Wednesday, Feb. 6, 2013
Fewer trainees choosing geriatrics, numbers show
The number of doctors enrolling in the nation's fellowship programs to become geriatricians has again dropped, to 251 this year from 279 last year, according to annual graduate medical education statistics published in the Journal of the American Medical Association.
In comments made on a New York Times' blog, Christopher Langston, MD, program director at the Hartford Foundation, said he found the decrease particularly disappointing considering that geriatricians already have begun receiving 10 percent bonuses in reimbursement for evaluation and management under the Affordable Care Act.
"Maybe it's not enough, maybe it's too time-limited. Maybe the problem isn't financial," he said.
The Institute of Medicine's 2008 report on health care for the aging provided some possible causes for the declining rate of geriatricians. For one, residents thinking about medical specialties often consider geriatrics depressing despite surveys showing that geriatricians generally find their work to be very satisfying.
The shortage has prompted Dr. Langston and others to move from training new geriatricians to using existing geriatricians as educators and consultants for the generalists who will actually treat older patients. Despite the seemingly bleak statistics, Dr. Langston expressed some optimism that perhaps the pay increase hadn't become effective in enough time to influence residents who enrolled in fellowships and were included in this year's statistics.
Med schools offering shorter training, for less tuition
New York University (NYU) and a handful of other medical schools are among the first to begin shortening medical school and, ultimately, the cost of training, according to a recent report in the New York Times.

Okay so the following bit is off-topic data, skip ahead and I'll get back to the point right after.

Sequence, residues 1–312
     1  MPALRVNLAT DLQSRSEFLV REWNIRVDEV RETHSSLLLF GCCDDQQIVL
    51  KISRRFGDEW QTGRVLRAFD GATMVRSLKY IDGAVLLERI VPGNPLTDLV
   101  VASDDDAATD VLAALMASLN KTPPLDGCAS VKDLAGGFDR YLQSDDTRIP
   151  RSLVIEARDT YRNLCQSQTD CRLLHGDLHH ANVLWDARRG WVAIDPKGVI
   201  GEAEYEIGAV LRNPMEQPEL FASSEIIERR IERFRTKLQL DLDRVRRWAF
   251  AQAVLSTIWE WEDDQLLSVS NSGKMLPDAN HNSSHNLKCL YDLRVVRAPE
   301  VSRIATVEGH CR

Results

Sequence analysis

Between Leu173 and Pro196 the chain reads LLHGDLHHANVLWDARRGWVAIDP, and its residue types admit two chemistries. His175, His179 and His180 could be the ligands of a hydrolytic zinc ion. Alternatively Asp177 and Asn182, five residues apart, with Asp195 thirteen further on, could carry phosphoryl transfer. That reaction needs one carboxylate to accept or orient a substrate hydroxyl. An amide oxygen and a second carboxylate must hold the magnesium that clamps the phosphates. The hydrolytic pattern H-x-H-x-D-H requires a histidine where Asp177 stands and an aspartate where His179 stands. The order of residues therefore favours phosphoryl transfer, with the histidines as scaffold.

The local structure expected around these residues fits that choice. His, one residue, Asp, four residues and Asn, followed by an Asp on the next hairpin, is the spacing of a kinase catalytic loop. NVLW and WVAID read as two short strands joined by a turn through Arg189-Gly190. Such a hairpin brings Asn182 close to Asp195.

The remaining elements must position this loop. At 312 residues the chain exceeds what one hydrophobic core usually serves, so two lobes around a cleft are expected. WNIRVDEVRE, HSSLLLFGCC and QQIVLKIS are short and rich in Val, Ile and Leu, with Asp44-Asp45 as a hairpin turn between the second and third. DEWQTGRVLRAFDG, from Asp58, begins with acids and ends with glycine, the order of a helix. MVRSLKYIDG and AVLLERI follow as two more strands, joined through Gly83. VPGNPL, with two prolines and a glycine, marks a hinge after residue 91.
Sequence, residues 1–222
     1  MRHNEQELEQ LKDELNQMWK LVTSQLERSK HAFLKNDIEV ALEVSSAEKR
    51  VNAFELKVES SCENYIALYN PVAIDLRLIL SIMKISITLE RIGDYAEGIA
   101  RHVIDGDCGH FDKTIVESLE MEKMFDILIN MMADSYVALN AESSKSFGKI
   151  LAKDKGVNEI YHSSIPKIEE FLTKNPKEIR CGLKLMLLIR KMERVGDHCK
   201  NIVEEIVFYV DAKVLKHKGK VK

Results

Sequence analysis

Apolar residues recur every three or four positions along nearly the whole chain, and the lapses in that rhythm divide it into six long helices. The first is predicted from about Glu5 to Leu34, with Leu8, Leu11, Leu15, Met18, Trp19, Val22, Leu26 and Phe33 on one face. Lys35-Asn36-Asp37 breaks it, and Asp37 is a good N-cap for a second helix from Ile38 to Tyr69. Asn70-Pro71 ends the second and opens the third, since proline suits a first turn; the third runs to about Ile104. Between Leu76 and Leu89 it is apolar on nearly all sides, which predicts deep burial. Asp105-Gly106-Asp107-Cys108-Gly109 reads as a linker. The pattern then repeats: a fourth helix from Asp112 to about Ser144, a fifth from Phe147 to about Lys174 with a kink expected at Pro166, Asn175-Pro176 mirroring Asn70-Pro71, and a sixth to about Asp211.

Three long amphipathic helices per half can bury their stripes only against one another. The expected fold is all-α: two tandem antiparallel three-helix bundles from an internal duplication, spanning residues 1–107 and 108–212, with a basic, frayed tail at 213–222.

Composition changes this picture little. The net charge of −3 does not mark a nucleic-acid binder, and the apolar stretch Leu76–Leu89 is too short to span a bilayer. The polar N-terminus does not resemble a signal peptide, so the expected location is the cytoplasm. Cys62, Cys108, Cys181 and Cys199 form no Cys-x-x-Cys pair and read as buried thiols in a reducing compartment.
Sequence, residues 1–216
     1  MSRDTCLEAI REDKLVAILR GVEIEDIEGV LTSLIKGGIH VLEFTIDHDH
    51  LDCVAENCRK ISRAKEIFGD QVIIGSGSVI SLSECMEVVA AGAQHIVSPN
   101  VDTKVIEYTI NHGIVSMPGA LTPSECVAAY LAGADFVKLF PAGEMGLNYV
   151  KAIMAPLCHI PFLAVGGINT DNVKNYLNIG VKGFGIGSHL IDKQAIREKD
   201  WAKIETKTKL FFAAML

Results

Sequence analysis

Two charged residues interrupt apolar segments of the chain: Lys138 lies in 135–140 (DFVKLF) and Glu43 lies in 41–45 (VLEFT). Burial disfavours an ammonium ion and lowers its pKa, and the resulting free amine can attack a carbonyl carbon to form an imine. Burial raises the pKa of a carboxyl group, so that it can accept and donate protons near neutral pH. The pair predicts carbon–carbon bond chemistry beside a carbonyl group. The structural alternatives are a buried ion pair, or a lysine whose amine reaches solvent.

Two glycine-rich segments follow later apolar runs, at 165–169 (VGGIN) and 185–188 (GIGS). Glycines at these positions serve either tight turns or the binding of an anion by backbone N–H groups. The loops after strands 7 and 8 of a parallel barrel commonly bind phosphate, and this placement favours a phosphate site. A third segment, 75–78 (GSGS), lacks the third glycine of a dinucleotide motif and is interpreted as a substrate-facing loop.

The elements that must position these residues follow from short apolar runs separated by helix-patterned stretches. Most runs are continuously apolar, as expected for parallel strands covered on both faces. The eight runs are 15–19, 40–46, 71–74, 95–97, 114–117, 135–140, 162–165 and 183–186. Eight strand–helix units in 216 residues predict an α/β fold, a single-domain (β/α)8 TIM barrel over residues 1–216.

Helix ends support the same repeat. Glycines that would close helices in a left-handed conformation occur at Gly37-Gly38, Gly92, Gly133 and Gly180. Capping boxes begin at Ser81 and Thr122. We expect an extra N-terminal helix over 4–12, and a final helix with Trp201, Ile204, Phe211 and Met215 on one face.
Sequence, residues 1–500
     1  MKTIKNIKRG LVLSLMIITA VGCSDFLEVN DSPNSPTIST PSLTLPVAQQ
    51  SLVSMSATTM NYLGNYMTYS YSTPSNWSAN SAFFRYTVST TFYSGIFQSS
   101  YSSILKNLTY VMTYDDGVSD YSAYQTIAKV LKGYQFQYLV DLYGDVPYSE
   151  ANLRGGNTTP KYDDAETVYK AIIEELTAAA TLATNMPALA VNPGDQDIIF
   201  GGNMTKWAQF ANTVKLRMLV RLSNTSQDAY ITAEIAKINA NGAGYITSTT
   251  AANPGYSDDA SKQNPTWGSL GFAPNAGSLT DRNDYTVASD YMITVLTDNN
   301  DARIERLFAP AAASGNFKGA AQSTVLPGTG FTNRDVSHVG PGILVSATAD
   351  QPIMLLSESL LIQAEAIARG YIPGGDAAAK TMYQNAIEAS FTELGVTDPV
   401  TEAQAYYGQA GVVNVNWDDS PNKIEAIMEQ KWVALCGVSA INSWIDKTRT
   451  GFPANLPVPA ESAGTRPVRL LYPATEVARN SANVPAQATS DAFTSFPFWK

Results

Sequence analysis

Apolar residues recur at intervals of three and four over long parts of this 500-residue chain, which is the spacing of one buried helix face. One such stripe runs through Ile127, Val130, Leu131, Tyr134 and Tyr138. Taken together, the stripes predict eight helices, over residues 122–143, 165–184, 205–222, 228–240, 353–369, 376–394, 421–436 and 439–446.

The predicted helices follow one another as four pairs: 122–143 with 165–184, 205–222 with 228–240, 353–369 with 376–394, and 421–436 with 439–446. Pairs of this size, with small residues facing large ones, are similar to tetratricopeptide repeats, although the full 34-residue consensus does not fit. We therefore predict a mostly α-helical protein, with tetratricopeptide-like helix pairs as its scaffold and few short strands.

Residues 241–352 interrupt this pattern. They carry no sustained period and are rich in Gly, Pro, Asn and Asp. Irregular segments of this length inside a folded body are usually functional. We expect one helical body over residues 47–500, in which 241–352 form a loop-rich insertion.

Administrators at NYU say they can make the change without compromising quality by eliminating redundancies in their science curriculum, getting students into clinical training more quickly and adding some extra class time in the summer, the Times reports. And all while saving a quarter of the cost of tuition, which at NYU comes to $49,560. This could mean substantially less debt as medical students move into their residency training.
"We're confident that our three-year students are going to get the same depth and core knowledge, that we're not going to turn it into a trade school," Steven Abramson, MD, vice dean for education, faculty and academic affairs at NYU School of Medicine, told the Times.
The movement is not without critics, the Times reports. Some say that a three-year medical program would deprive students of the time they need to delve deeply into their subjects, to consolidate their learning and to reach the level of maturity they need to begin practicing, while adding even more pressure to a stressful academic environment.
The AMA is also doing its part to change medical education for the better, recently announcing a $10 million initiative to change the way future physicians are trained. The fund will support about 10 projects that support a significant redesign of undergraduate medical education.